Distribution: You will of course need to consider your distribution channels, competition, and how you will physically deploy your localized software to your customers. For hosted solutions, automatic updates etc; existing data centres serving your domestic customers may not offer sufficient connectivity/speed to customers in other regions.

Support: Before you have localized software in-market, your organization will need to be ready to support these target markets. It is an all too common mistake to simply expect that this will somehow take care of itself and that existing support channels for domestic product will be sufficient. This is yet another way to disaffect the customers in new markets you’ve worked so hard beguile with your digital wares.

You need to consider the mechanisms for localized support; knowledge base, email, phone etc. What level of support will your in-country operations centres/partners can offer, if any? How are support issues with localized software escalated? Do your call centre representatives have the necessary language skills and knowledge of the localized software to handle calls/emails from all the regions you sell your software in? Do you have a Content Management System (CMS) behind your existing website/knowledge-base? Does the functionality of this CMS lend itself to the management of global content in multiple languages?

Once the knowledge-base route has been exhausted, there is a common preconception that it is a good idea to heard customers to email support, like cows being shoved into a cattle crush, as opposed to presenting them with the option of phone support. This is based on the logic that email support is far more cost-effective than phone support. Whilst it makes sense to encourage customers to avail of email support over phone support, I do not believe it is a good idea to completely eliminate phone support as an option.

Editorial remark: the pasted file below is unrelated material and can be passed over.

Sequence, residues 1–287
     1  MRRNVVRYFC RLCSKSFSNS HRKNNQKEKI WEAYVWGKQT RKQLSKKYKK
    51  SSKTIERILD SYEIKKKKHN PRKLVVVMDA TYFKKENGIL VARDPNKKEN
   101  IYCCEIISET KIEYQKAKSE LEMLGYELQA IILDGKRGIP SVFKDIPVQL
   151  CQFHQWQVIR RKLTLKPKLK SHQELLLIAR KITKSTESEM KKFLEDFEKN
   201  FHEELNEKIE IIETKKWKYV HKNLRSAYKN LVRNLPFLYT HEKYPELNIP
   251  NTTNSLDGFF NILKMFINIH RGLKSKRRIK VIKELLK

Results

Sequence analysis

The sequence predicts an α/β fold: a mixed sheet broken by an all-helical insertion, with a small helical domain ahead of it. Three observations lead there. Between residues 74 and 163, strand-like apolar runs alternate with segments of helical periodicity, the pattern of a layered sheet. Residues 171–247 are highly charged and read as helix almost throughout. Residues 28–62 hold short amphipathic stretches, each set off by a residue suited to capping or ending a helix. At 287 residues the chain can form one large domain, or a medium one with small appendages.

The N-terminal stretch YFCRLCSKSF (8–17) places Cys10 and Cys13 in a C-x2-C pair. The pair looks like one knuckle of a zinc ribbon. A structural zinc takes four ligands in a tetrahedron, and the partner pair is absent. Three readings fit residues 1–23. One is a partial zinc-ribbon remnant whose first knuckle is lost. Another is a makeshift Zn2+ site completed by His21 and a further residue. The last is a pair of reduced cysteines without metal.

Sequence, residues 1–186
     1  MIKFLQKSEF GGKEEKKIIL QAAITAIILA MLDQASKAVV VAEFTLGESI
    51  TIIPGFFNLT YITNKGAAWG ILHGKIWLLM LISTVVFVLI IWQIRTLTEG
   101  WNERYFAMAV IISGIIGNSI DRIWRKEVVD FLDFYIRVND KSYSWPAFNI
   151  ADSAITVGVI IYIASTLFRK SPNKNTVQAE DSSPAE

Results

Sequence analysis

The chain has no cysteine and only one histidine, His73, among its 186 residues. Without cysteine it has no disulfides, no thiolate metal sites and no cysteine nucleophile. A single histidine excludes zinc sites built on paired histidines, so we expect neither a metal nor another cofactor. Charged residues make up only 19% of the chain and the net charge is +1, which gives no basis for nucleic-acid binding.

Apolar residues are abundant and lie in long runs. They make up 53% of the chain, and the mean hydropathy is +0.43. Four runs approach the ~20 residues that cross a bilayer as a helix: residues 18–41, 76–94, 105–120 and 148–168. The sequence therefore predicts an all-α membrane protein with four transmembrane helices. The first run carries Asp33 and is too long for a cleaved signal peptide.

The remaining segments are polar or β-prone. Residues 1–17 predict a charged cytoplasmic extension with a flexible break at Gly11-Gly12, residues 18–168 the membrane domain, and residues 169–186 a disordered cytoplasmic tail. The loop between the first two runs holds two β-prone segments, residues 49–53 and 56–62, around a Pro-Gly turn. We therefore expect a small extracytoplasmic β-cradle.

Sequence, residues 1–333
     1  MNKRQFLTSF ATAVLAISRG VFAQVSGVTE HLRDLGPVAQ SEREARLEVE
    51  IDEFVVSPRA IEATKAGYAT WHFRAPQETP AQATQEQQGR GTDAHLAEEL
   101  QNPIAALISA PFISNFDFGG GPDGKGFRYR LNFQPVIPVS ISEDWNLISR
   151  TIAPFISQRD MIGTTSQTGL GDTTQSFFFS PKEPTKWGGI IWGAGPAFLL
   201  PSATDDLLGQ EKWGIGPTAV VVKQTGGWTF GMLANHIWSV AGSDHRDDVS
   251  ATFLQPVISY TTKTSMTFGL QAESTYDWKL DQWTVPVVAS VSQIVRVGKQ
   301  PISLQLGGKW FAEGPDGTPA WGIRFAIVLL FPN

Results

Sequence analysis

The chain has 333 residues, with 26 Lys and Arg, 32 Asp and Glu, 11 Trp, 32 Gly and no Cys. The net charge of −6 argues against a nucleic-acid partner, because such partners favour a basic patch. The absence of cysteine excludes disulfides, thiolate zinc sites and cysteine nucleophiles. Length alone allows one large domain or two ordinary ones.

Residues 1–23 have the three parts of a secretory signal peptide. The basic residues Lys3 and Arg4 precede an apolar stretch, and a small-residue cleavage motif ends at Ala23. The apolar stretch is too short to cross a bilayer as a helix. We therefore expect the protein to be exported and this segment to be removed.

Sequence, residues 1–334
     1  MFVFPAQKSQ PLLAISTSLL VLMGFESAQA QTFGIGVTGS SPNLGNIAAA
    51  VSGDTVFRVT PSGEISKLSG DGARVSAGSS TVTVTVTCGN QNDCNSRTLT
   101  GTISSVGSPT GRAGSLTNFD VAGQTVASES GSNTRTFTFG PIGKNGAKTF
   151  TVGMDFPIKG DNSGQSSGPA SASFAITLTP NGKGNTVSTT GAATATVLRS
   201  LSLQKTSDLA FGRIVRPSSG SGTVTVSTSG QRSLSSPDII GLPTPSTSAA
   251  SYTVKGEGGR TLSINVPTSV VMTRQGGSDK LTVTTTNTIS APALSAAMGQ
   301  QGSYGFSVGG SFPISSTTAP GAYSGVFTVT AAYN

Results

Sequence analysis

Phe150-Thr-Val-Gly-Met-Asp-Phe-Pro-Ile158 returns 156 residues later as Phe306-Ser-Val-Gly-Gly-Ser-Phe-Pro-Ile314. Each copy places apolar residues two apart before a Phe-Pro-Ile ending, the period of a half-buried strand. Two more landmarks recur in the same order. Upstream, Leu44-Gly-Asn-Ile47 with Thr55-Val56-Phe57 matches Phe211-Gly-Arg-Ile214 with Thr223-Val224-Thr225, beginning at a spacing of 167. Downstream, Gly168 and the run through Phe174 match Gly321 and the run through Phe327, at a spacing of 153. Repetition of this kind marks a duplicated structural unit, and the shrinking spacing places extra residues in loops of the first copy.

Many organizations prefer to remove any reference to phone support from their site. For me, this represents a false economy, whilst you may be saving on call centre costs, you will probably be losing customers, and any chance of repeat business. This is particularly flawed strategy in new markets where you are fighting for market-share.

I have yet to experience an email support system where I have received a (useful) answer “within 24 hours” as promised. Besides, 24 hours may be a long wait depending on the nature of the issue. Even if there is a customer cost associated with phone support, it is better to offer this as an option as opposed to lose customers who may prefer to simply return your software (see “Legal” above) and align themselves with your competitors rather than wait for a delayed response from support.

What happened to Localization??

You may have noticed that I have made no mention of the Localization team/departments specific responsibilities in terms of Globalization. This is a deliberate omission. I will address aspects of Localization in various future posts (after all, the URL for this blog puts me under some pressure to do so!). For now, however, it is more beneficial to recognize that in the grand scheme of Globalization, Localization is actually one of the simplest components. Granted, as “Localization” experts, we are in fact required to be “Globalization” experts and provide guidance in relation to Globalization strategies, but if all other areas of your business are ready to go global, then Localization should be the least of your worries.